How often have you and your family gone camping and enjoyed the great outdoors? The fresh air, the clear night sky, tents, barbecues and s’mores, endless stories, and surprising discoveries – all of these are truly memorable experiences that we do not get every day. For children and adolescents, camping is a defining moment that enhances their personalities. These days though, going to camp often means something more than tents and s’mores.
During summer, many schools in different countries conduct camps, retreats, jamborees, or even give internship opportunities for kids in a way to boost their experience and awareness of many things without sacrificing vacation vibes.
I took advantage of two such experiences as a boy: a retreat back in Grade 8, and a Grade 12 internship. The retreat involved a visit to a nearby town where we partook in prayer groups and fellowships. It gave me a new perspective on life, and helped me become more independent. My internship was in the same school where I worked as a student assistant for our Personality Development teacher, which was a big plus considering she taught me proper decorum and social graces.
Years of research by various child development professionals suggest that these activities are beneficial to the well-being of children, especially in their foundation years. In an article posted on the American Camp Association, Peter Scales said that camps provide experience and satisfy young people’s need for “physical activity, creative expression and true participation in a community environment.” Academic and camp owner Stephen Fine said in his 2005 doctorate thesis that personal, social, and physical learning obtained through camps are carried over into school studies. His research is reported on www.ourkids.net, along with viewpoints of other professionals toward summer camps.
On the Internet, countless resources highlight the value of camping. In this age of ubiquitous technologies, camps provide an indispensable view of the real and the physical as opposed to the virtual. Rook Brook, a girl’s camp in the US, says children campers “unplug from technology,” which in turn lets them “rediscover” their creative potential.
Camping can be viewed as a microcosm of how different social groups interact with each other. It is also seen as an institution where children can learn definitive social and life skills such as communication, collaboration, and leadership. On top of that, camping fosters a social environment different from school or home. As a result, children “reinvent” themselves and break out of usual habits, which in turn boosts their confidence.
A Fun Breather
While the concept of summer camps in Western countries is mostly a fun breather from children’s academic responsibilities, in China it’s strongly linked to academic achievement. Chinese parents who can afford to bring their children to a camp say it is an opportunity to boost their English language training or a preparation for their future study abroad. Various foreign educational institutions based in China also believe overseas camps are a great way to introduce the world to students, with one firm saying camps are an “educational portfolio [for children to become]world citizens.”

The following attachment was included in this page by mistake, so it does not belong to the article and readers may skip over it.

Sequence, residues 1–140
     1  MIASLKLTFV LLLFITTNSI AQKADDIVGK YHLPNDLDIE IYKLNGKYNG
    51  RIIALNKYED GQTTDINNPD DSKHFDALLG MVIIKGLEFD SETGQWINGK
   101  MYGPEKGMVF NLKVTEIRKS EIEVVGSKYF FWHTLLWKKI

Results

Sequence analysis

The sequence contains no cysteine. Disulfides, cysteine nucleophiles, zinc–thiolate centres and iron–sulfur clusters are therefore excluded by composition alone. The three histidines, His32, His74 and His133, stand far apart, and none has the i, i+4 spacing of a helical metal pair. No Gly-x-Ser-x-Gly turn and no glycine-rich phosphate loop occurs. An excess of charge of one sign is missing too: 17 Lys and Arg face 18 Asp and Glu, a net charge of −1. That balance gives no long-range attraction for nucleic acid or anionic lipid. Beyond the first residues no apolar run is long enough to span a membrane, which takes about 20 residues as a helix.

Some international parents in Beijing, meanwhile, have gone back to their home country with their kids whom they sent to summer camps or to their grandparents’ home. AJ Warner, an educational consultant, had his two sons join a camp in Pennsylvania last summer.
Are Camps Worth It?
Of course, camps are an expense added on top of yearly school tuition fees. Does that deter parents from sending their kids to these institutions? It depends on a variety of factors. But there are still parents, like Lucia Su, who are prepared to shell out money to bring their kids abroad for camps. Her five-year-old son Lucas, an avid hockey fan, is about to start school. Su said she wants to bring him first to Singapore to play, and then in the future to an overseas camp where Lucas can hone his hockey skills.
Another issue is the glut of choices in a city as big as Beijing. The huge market of international schools, educational firms, and institutions all claiming to offer the best children’s camp leads parents to ask, “Which one is really the best?”
Keystone Academy, which offers two distinct academic camps this summer, explains that school-run camps are motivated by school vision and mostly give what is not readily available in the general education market. Jay Lin, director of Keystone’s summer program, said the topics at school-run academic camps are enriching and help children realize their roles in the natural world.
Parents might wonder what the difference is between camps, usual classes and after-school activities. The Learning Center explains that camps such as theirs are “specifically designed to assist children in areas where they may need a little extra help” by offering a more-focused approach to enhance their skill sets and strategic thinking.
On the other hand, institutions and companies that offer seasonal camps often employ foreign experts and qualified professionals to ensure optimum learning in a fun environment.
Whether Western-style or patterned on Chinese culture and academics, we’ve got you covered with a list of interesting camps in Beijing.
Featured photo courtesy of House of Knowledge.
This article originally appeared on p. 32-35 of beijingkids March Issue. Download a copy here.
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